Tweet Dump: Resurrection part 2

I don't know about you, but when I hear or read the same thing three or so times from random sources, I pay attention. And the pattern to each of these comments have been about one thing: in the previous post in this thread I did a shell out to curl from Twitter. Not only that, but I used regular expressions for parsing xml. I won't deny it... I made some pretty bad mistakes. The only consolation I have regarding these mistakes is that I made them over a year and a half ago when I was just starting to learn Python and not aware of just how many libraries the standard install includes.

To help with the learning process, I'm going to show the original version as well as the “fixed” version.


  1. def get_tweets():
  2. final_texts = []
  3. command = "curl | grep -A 3 '<status>' "
  4. process = subprocess.Popen(command, stdout=subprocess.PIPE, error=subprocess.PIPE, shell=True)
  5. (proc, error) = process.communicate()
  6. sys.stdout.flush()
  8. if error:
  9. print(error)
  10. sys.exit(1)
  12. ids = re.findall('[0-9]{10,13}', proc)
  13. texts = re.findall('<text>[\x20-\x7E]+</text>', proc)
  15. #check that the number of tweets ='s the number of ids
  16. # strip <text> fields from front & read
  17. if len(ids) == len(texts):
  18. final_texts = [ i.rstrip('</text>').lstrip('<text>') for i in texts]
  20. return(ids, final_texts)
  22. else:
  23. return (0,0)


  1. def get_tweets():
  2. ids = []
  3. texts = []
  4. try:
  5. xmltree = xml.etree.ElementTree.parse(
  6. urllib.urlopen(
  7. ''
  8. ))
  9. except:
  10. return (0, 0)
  12. for x in xmltree.getiterator("status"):
  13. ids.append(x.find("id").text)
  14. texts.append(x.find("text").text)
  16. return (ids, texts)

For starters the changes I made were ditching the shell out to curl and got the data from Twitter using the urllib library. Since I was grabbing xml from Twitter, the output from the urllib.urlopen function could then very easily be parsed and sorted by the xml.etree.ElementTree.parse function. And since I had all the data in an xml object, I could very easily get both the tweet text and the Twitter ID number.

I don't think I can stress enough how much cleaner the code is to read in the fixed version. I feel that part of the cleanliness comes from using the built-in libraries instead of trying to hack something together. As an added bonus, since the code uses the Python built-in libraries this code can now run on multiple platforms.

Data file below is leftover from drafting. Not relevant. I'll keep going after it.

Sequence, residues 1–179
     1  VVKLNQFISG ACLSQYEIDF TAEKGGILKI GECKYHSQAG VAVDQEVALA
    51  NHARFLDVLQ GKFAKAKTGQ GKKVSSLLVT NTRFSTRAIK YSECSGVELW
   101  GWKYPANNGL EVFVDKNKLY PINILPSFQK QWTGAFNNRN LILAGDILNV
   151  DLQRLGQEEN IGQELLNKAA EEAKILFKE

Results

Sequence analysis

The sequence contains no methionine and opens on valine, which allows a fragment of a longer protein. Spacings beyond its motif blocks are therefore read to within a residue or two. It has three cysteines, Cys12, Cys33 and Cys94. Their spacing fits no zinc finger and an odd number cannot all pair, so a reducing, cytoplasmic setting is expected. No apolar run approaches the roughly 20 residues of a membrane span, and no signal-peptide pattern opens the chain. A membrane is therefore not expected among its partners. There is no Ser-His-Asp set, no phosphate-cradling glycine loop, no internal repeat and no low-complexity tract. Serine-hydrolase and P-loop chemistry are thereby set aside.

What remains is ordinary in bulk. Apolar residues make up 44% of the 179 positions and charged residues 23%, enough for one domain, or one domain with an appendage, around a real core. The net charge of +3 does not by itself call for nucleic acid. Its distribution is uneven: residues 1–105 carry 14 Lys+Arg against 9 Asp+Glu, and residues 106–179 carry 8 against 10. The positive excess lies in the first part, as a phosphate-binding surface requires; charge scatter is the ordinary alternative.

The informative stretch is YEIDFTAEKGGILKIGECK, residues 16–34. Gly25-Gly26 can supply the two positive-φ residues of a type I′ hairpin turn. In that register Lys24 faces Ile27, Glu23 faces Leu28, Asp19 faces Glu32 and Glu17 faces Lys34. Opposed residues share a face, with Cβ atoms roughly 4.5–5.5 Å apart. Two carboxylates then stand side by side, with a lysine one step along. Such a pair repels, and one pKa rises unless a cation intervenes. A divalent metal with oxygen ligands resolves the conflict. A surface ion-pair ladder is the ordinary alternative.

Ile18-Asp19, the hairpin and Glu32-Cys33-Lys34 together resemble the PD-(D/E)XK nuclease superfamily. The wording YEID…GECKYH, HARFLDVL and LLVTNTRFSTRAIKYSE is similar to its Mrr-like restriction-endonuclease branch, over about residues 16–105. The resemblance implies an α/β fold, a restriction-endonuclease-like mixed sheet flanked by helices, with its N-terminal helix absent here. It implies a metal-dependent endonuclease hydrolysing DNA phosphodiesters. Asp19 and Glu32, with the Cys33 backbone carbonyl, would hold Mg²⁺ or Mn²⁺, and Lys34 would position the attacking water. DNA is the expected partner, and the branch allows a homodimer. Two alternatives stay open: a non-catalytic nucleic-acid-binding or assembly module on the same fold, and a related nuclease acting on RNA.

So there you have it, Internets. Once again I have wronged you by making a mistake and have only now gotten around to understanding how horrible of a mistake I made. Can you forgive me? Thank you.

For the super observant of you, one might notice that I also fixed a bug from the original version of get_Tweets and the version from the last thread. Happy Hunting.

Other suggestion

The biggest issue with the new code is the bare except: it captures Ctrl-C etc, at the very least do a "except Exception". Better yet only capture the exceptions thrown by connection and parsing problems.

The pattern mylist=[]+for loop+mylist.append is prime candidate for a list comprehension:

  1. tweets = []
  2. for x in xmltree.getiterator("status"):
  3. tweets.append((x.find("id").text, x.find("text").text))
  4. return tweets

to this
  1. return [x.find("id").text, x.find("text").text
  2. for x in xmltree.getiterator("status")]

But the explicit loop is perfectly fine too, since it is very readable.

Another slight improvement

Hey mate,

Nice improvements. I think that another good thing to do would be to remove the tuple of arrays approach. Instead of having two arrays which share information via indexes, it would instead be better to return an array of tuples so that you don't have to worry about indexes.


  1. tweets = []
  2. .
  3. .
  4. for x in xmltree.getiterator("status"):
  5. tweets.append((x.find("id").text, x.find("text").text))
  7. return tweets

Bear in mind I'm a Python noob, so I'm not sure if this syntax is correct, but hopefully it gives the idea.


How about yield?

At line 12 you might also try:
for x in xmltree.getiterator("status"):
  yield(x.find("id").text, x.find("text").text)

And in the calling code:
tweets = dict(get_tweets())

I think you'll find it even easier to populate your CouchDB out of a Python dictionary.


I had no idea Python had yield. Good suggestion. Laziness for the win.

Thanks for the post Anon. I

Thanks for the post Anon. I think that both you and OJ are right for using a different datatype than my current dual list setup. At the moment I am more partial towards the dictionary solution.

That being said, I don't see at the moment what the benefit of using yield would be in this case?

Arguably more Pythonic

yield doesn't buy you a whole lot in this case where the sequence size to be returned is small. Nevertheless, it's a good idea to keep it on your radar because you well may have cases where large sequences consume more memory than you'd like. Furthermore, using yield (which turns your function definition into a generator definition, BTW) is considered by many to be more Pythonic, or at least more idiomatic on Python versions in the last, say, five years.

Lastly, the spacing in my original post made it look like yield is a function by virtue of the opening paren being adjacent to the token "yield". It's actually a keyword, and you don't actually need the parens at all:

$ python32
Python 3.2 (r32:88445, Apr 12 2011, 09:28:14)
[GCC 4.1.2 20080704 (Red Hat 4.1.2-48)] on linux2
Type "help", "copyright", "credits" or "license" for more information.
>>> def foo():
...    yield 1,2
>>> dict(foo())
{1: 2}

The example above works identically in Python 2.4.

Have fun!

If you made it this far down into the article, hopefully you liked it enough to share it with your friends. Thanks if you do, I appreciate it.

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